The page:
Massive modern bridges connect various points of Hong Kong's coastline. The enormous Tsing Ma Bridge, which towers over the Kap Shui Mun channel to link the city with Chek Lap Kok airport, is the most immediately recognisable example.
Along with the Ting Kau and Stonecutters bridges, Tsing Ma seamlessly connects Hong Kong's international airport and the city they were designed to serve. Another soaring bridge across Deep Bay links the northwest New Territories and Shenzhen, which further consolidates links between Hong Kong and its hinterland.
Controversial from the time it was first discussed, the Hong Kong-Zhuhai-Macau Bridge across the Pearl River estuary is finally under construction on the Hong Kong side, after lengthy judicial delays. The decision to go ahead with this enormous project was confirmed by the State Council, and site formation work on the western side of the delta has been completed for a couple of years.
One stretch of water that still remains bridgeless, however, is Victoria Harbour's main fairway. In the early 1950s, it seemed probable that Hong Kong would eventually get a cross-harbour bridge. After the end of China's civil war, and the massive influx of refugees from the mainland in the late 40s, the local population soared. From about a million in 1946, there were 2.5 million people living in the colony by the mid-50s.
As a result, annually increasing volumes of traffic made a reliable all-weather link between Hong Kong Island and Kowloon imperative. In 1955 a working party was set up to explore the feasibility of a bridge or tunnel to connect both sides of the harbour. Engineering reports in 1961 recommended a bridge as it would be cheaper to build and maintain.
In 1963, however, the Hong Kong government agreed, in principle, to a cross-harbour tunnel. Victoria City Development, a subsidiary of Wheelock Marden, was appointed to handle the project, and, in 1965, the Cross Harbour Tunnel Company was formed. Wheelock Marden chairman John Marden and Hutchison International taipan Douglas Clague were appointed as alternate chairmen.
While the Hong Kong government was willing to provide land on either side of the harbour for road access, it was not prepared to assist financially in construction work without external guarantees, and gradually the project stalled.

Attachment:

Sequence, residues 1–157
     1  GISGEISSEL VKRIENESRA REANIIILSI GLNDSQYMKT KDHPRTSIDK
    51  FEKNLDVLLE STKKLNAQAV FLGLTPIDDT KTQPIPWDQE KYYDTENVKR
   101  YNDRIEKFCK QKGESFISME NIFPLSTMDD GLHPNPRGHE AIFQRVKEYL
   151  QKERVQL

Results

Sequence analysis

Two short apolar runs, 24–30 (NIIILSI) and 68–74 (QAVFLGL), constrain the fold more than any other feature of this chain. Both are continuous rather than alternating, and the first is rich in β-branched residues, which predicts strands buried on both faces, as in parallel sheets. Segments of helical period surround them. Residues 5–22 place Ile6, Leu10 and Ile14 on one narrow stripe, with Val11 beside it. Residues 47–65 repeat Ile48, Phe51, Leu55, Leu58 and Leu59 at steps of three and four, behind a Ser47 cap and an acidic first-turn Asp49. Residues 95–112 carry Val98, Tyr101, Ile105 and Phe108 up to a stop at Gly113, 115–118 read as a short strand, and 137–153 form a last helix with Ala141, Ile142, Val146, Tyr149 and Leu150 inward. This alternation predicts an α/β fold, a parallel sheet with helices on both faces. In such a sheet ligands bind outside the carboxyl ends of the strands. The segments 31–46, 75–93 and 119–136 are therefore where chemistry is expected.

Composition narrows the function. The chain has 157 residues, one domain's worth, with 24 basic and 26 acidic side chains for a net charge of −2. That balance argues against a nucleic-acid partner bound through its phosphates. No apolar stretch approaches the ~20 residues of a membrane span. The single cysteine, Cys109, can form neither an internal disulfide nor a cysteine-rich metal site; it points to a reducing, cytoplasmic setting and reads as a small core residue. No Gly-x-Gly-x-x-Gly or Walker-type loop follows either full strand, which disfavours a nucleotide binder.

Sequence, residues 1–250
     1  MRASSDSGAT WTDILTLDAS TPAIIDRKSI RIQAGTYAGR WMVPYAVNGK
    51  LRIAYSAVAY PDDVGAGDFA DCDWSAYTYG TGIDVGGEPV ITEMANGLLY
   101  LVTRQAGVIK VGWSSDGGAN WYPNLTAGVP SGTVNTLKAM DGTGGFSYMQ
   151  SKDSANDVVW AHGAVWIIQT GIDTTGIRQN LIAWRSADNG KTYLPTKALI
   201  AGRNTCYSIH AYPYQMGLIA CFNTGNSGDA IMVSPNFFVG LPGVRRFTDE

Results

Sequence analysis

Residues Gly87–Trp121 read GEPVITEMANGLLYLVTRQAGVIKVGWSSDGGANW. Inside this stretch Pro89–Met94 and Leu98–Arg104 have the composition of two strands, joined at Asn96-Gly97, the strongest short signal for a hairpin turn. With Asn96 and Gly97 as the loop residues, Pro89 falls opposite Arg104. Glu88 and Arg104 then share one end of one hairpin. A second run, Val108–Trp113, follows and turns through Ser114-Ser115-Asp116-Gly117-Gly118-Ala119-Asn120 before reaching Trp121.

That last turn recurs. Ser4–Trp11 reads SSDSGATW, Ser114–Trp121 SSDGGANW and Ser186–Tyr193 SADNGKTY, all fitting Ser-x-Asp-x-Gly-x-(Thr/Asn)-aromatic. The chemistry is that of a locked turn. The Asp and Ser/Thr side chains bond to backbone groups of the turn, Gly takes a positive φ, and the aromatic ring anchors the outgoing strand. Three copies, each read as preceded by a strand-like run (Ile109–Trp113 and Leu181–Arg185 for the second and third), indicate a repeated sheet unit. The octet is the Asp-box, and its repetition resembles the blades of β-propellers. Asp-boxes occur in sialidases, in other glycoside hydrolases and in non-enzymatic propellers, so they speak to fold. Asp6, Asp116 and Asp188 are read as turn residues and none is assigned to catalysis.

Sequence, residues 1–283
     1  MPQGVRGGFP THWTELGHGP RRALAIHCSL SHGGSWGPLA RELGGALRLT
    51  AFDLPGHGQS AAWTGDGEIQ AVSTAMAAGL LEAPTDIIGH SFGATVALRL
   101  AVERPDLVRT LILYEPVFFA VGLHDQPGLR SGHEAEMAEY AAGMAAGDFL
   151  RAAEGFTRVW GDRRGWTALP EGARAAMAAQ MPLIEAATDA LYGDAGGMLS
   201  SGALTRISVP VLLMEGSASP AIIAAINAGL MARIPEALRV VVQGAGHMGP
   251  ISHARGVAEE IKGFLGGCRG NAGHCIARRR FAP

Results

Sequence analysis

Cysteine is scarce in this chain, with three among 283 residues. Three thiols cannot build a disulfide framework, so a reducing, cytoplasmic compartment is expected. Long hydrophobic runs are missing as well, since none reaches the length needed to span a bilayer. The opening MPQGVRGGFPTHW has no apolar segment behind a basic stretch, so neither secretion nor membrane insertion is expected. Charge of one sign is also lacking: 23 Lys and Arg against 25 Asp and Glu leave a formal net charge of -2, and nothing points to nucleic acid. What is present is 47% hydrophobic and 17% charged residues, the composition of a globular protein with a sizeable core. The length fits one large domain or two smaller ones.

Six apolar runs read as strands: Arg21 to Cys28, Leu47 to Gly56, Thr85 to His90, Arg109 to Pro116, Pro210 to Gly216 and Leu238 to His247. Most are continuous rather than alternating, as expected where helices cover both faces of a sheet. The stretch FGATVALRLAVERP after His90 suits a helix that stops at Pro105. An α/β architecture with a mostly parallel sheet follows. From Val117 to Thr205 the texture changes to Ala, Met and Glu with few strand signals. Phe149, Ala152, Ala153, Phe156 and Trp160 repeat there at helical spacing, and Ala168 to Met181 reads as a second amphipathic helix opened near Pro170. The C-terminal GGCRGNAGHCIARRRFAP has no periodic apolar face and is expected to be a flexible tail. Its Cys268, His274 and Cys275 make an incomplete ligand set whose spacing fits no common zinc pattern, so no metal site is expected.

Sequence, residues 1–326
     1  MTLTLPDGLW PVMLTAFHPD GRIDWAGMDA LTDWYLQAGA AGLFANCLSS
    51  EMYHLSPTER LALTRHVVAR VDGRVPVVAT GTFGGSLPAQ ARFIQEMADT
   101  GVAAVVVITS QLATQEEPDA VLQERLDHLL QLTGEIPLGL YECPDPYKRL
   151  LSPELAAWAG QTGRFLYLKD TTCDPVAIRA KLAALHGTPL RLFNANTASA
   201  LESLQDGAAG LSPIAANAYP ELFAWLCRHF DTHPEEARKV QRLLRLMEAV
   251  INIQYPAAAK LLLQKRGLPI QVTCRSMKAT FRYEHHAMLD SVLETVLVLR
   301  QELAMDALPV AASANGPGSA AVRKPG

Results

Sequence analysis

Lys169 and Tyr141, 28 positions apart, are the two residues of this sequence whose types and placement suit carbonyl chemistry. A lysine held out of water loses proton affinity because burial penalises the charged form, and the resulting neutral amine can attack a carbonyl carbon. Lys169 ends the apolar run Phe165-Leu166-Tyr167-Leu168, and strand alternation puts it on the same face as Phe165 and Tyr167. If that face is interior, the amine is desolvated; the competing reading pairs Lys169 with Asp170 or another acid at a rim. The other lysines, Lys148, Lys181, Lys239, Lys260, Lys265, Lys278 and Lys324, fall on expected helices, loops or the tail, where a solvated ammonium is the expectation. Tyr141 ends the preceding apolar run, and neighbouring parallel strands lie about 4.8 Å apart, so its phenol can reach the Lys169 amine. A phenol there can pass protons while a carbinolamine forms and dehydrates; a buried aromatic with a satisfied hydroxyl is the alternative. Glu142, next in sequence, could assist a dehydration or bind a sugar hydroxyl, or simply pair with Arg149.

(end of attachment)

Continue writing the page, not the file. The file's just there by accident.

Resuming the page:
The Cross Harbour Tunnel became a local political issue during the 1967 riots, as Britain's unwillingness to underwrite significant capital projects was seen to signal a lack of long-term confidence in Hong Kong. In the late 60s, after extensive lobbying in London by Clague, who threatened to seek funding from the French government should British interests refuse to become involved, the British government eventually agreed to guarantee the loans. Construction work started in 1969 - without any open tender - and in 1972 the Cross Harbour Tunnel was completed.
It was officially opened by the Queen of England's cousin Princess Alexandra, who was a frequent visitor to Hong Kong, both for official duties as honorary commandant of the Royal Hong Kong Auxiliary Police Force (Clague was commandant) and in connection with hus-band Sir Angus Ogilvy's membership of certain Wheelock Marden boards.
There are now three cross-harbour tunnels, and with them, Hong Kong and Kowloon's time-honoured geographical separateness has been reduced. Or has it?
In many people's minds, a lingering sense of two very diff-erent cities remains. One com-mon Cantonese expression for crossing the harbour, gwo hoi ('crossing the seas'), succinctly captures the feeling many residents of Hong Kong Island - and Kowloon - experience when they visit each other's respective 'dark side'.
The Cross Harbour Tunnel is a series of concrete tubes that were submerged, and very large vessels risk dragging their keels if they pass overhead.